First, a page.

1. Feeding black bears.

If you visited Yellowstone in the 1920s, the welcome brochure handed to you at the entrance gate would have a picture of a tourist hand-feeding a black bear on the side of the road, with dozens of onlookers. It was illegal of course, the brochure even said it. But nobody saw that, they saw a potential to interact with the park’s most beloved animal. It led to bears seeking food along the roadside and an increase in bear-human conflicts, most of which went unreported because, well, it was illegal.

2. Feeding grizzly bears.

As early as 1889, the Park’s hotels had feeding platforms established on site. Every evening, guests would find a spot in the amphitheater style seating specifically built so that everyone could have a great view of the dozens of grizzlies that would gather on the platform. The hotels would pile garbage and restaurant leftovers on the platforms, an attractant for hungry bears looking for easy calories. The last feeding platform didn’t close until 1970, when the park changed to a more ecological management style, due to the rise in human-bear conflicts.

3. Having bears as pets.

Horace Alright, the superintendent of Yellowstone in the 1920s, had two pet bears named Max and Climax. And he used to picnic with them.

4. Driving Rules

If you were to drive in Yellowstone when they first permitted cars into the park, it was a requirement to honk around each corner to warn any potential oncoming cars on the narrow dirt roads.

5. Poaching and vandalism were rampant.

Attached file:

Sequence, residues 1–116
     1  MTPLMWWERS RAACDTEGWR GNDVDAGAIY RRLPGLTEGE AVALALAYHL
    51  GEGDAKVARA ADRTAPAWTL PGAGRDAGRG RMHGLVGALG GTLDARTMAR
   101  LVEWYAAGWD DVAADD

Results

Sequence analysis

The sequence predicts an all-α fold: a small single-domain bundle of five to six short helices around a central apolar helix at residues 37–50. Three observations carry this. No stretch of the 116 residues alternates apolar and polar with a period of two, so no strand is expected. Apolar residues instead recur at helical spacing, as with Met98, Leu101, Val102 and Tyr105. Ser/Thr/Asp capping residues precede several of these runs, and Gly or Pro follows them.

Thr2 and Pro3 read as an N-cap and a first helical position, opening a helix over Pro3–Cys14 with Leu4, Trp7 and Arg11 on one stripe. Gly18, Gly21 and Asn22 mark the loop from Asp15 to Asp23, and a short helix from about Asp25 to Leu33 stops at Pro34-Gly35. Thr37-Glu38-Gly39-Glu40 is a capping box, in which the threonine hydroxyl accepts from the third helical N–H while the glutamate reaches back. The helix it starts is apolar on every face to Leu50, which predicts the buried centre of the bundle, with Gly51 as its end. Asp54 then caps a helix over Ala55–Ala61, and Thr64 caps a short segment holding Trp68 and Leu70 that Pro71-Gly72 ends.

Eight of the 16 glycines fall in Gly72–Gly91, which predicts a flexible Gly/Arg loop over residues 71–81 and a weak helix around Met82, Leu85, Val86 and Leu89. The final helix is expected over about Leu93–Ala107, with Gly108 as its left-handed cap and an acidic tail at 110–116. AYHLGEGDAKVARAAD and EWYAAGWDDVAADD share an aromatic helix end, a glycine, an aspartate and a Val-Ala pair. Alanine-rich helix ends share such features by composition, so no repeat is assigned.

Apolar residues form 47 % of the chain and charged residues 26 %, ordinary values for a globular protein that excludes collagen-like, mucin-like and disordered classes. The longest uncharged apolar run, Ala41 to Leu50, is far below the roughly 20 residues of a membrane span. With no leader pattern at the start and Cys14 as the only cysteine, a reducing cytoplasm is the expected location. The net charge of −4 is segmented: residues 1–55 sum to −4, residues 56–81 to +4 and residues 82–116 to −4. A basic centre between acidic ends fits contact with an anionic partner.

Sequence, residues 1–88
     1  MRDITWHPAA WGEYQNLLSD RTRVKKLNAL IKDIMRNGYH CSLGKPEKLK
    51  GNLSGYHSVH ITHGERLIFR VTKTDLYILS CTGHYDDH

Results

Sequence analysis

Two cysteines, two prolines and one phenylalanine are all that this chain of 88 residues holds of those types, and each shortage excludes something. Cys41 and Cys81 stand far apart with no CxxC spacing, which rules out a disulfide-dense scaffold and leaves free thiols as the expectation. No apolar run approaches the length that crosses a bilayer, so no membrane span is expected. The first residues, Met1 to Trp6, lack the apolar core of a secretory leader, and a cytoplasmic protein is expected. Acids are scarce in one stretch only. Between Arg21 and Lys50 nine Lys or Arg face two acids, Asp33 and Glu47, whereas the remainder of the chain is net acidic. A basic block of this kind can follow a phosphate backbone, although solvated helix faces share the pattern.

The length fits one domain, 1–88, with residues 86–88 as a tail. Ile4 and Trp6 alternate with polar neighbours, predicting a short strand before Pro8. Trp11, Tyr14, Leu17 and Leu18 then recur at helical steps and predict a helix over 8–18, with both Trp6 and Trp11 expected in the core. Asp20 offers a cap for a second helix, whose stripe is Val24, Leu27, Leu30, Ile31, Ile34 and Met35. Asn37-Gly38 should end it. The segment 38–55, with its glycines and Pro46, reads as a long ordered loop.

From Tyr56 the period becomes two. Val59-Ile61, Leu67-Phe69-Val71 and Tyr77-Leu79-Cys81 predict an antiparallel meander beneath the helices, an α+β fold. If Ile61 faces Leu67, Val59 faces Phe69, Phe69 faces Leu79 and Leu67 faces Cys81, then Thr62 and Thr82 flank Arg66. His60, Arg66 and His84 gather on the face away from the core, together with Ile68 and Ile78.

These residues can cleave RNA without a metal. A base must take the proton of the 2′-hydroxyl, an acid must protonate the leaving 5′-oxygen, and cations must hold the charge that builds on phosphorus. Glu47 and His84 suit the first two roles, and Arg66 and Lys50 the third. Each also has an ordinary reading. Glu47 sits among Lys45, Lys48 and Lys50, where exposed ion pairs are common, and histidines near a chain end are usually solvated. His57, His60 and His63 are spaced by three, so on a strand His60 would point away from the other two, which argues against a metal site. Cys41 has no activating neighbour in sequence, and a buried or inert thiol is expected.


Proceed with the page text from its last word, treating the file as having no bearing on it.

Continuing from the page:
Photo: Yellowstone National Park

When Yellowstone was first established as a park, many of the fur trappers living off the land in the area were not on board with protecting the land. The fur trappers knew the land better than the park staff, and because of the sheer size of the park, could get away with chopping down trees, poaching countless bison and elk, signing their names on geysers and setting fire to the forests. It wasn’t until the Army took over, upping the punishments for these crimes, that they finally started to die down.

6. People were rather creative with the souvenirs they collected and their use of thermal features.

Visitors used to take chunks of geyser cones home with them. There were no warning signs, no boardwalks, no ranger patrolling the grounds to stop you. Visitors could climb on Mammoth Hot Springs with no repercussions. They also used to use Old Faithful as a laundromat, knowing it would act as a steam cleaner, spewing out their dirty socks and jackets in good as new condition. At one point, gift shops had a difficult time keeping soap in stock, as so many visitors would buy soap to pour it into a geyser, inducing the eruption.

7. Wolves were eradicated.

Today, the land within Park Service boundaries is a place where nature is allowed to take its course, with minimal human interference. In Yellowstone’s early days, wolves were viewed as “bad predators,” as many believed they posed a threat to livestock. When livestock owners wanted wider grazing ranges and less grey wolf encounters, the government helped clear livestock grounds of grey wolves. Wolves were baited and poisoned and by 1926, wolves had been completely eradicated in the park, by the Park Service.

8. Hundreds of non-native fish species were introduced to lakes and streams.

Yellowstone has 13 native fish in its pristine lakes and streams. In the late 1800’s and early 1900’s, the park introduced non-native trout to please sport fisherman, some of which wreaked havoc on the ecosystem, leading to the decline in native fish today.

9. The first superintendent’s work in the park.

The first superintendent only visited the park twice, once on the Hayden expedition and once to evict a squatter. In his defense, the position was unpaid and he was a busy man.